Irish Voters Abroad Returning Home To Vote On Same-Sex Marriage Referendum

By Darren Smith, Weekend Contributor

100px-Coat_of_arms_of_Ireland.svgOn Friday Irish Citizens went to the polls to vote by referendum on a constitutional amendment allowing same-sex marriage. If passed Ireland will join nineteen other nation states who have legalized such marriages and will be the first to enact the petition by popular referendum.

The topic of the referendum garnered such strong interest it is expected that a large percentage of Ireland’s 3.2 million registered voters will go to  the polls. In fact, reportedly, unexpectedly high numbers returned home at their personal expense to cast votes.

Taoiseach Kenny
Taoiseach Kenny

The Yes Vote drew wide support from youth as well as Taoiseach Enda Kenny who urged its passage and cited it would represent a civil rights breakthrough. Much of the impetus to return home was triggered by promises of conservative church leaders and conservative groups voicing their opposition and political activism.

The outcome will be difficult to predict due to the nation’s large Catholic majority which has shown traditional leanings in the past.

Twitter users sympathetic or supportive of the Yes Camp utilized the hashtag #HomeToVote and reportedly sixty-four thousand followers of the tag were either neutral or supportive of allowing gay marriage in Ireland.

The results are to be announced Saturday.

By Darren Smith

Source: CBC News

The views expressed in this posting are the author’s alone and not those of the blog, the host, or other weekend bloggers. As an open forum, weekend bloggers post independently without pre-approval or review. Content and any displays or art are solely their decision and responsibility.

47 thoughts on “Irish Voters Abroad Returning Home To Vote On Same-Sex Marriage Referendum”

  1. “Letting people vote on the civil rights of minority groups is a perverse and disgusting notion.”

    What a maroon. The Civil Rights acts were passed by Congress, who were elected by the People.

  2. @davidm2575

    So David…

    Are you not fully aware that one of the traditional marriages have been polygamy as well? Are you not fully aware that polygamy thrived in the ancient world? Of course, it did! It was one of the most traditional marriages often celebrated.

    As for the video I. Annie posted, Annie Bowers (satirically acting as a Christian) was correct in the various forms of marriage despite her complete sarcastic tone toward Christianity. She was wrong in one aspect: having all the wives at once. King David was not shown to have married wives all at the same time. He married wife after wife. The only exception to David taking more than one wife was Saul’s wives when Saul died.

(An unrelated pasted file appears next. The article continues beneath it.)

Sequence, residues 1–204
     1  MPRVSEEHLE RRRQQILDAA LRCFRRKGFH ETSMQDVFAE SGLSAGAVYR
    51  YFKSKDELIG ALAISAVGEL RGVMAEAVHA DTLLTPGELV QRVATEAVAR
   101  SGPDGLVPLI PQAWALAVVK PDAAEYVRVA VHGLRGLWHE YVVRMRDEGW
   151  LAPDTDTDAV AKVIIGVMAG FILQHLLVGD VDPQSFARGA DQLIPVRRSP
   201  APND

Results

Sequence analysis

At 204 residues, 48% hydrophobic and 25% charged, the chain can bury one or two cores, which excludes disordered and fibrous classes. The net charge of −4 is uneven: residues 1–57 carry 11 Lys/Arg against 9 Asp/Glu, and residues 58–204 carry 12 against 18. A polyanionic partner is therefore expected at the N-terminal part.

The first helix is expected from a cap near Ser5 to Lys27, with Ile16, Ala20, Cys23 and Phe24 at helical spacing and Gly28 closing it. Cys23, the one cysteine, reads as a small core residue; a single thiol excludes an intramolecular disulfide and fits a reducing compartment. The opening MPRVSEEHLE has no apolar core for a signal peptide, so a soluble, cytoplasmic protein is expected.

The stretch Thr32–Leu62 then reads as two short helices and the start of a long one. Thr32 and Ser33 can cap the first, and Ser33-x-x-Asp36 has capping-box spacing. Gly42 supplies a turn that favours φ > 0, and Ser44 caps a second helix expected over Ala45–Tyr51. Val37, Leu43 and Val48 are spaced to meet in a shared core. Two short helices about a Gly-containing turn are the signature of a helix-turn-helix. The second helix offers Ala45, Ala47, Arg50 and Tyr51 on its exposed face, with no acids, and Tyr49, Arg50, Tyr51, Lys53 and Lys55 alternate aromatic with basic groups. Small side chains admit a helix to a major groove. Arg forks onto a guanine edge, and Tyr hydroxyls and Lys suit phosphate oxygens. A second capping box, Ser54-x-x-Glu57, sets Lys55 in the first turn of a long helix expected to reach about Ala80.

In the ancient world, polygamy was paramount as it was essential to survival. Monogamy does not cause a family to thrive in the ancient world. At worst, a monogamic family cannot hope to survive against roving bandits, slavers, and other ne’er-do-wells but a polygamous family? Yes, of course. They are a militia unto themselves. They are far more superior to encountering bandits because of their numbers.

    Here’s where you failed to realize: the advertising of monogamy as the one true marriage comes straight from pagan Rome. Name me one empire that has encouraged monogamy before Rome. None, I’ll bet. In pagan Rome, they worshiped so many false gods. They also had sex with other men. They celebrated having sex with prostitutes. They also had sex with young girls who were enslaved. So, what does that make Rome? A den of adulterers, thieves, slavers, etc. And what did Rome practice? Monogamy!

    Fast forward a few years and you will hear the Council of Trent discuss the matter of polygamy. They wish to ban it so they decide to ban it on all Catholic members. In doing so, there were still people who continued to practice polygamy during that time. They also were persecuted, interrogated, and potentially killed. Many who practiced polygamy had to go underground. One notable example of a polygamous purge led by a government is England. Are you aware that England, in 1604 to 1862, passed a law that would sentence polygamous couples to death? More so, they would be convicted as felons, tried, then killed just for the man having multiple wives! After 1862, they softened the measure to just a man being convicted, separated from all wives except the first.